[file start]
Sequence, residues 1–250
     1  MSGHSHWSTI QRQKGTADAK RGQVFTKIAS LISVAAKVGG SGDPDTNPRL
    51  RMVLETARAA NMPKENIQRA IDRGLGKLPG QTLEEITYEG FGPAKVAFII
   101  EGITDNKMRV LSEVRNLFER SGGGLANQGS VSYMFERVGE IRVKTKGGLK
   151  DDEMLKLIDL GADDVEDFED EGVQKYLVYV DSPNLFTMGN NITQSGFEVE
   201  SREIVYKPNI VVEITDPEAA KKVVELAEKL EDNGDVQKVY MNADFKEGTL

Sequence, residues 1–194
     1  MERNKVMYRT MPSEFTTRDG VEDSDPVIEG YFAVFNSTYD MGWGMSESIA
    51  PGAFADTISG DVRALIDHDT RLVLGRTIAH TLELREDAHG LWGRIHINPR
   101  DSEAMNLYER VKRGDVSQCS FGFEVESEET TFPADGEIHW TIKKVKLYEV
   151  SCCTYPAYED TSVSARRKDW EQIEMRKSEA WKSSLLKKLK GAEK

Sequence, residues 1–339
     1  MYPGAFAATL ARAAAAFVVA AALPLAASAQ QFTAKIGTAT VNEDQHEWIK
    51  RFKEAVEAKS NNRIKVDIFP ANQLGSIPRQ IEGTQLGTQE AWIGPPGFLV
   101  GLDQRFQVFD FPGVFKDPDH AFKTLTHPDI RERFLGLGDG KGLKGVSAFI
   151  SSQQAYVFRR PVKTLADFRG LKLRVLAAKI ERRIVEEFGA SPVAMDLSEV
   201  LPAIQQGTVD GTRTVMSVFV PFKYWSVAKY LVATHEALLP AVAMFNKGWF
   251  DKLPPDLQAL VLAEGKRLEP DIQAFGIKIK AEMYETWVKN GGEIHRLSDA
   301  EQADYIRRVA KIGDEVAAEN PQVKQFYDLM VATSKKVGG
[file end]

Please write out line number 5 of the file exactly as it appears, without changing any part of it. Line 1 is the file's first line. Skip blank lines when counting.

   151  DDEMLKLIDL GADDVEDFED EGVQKYLVYV DSPNLFTMGN NITQSGFEVE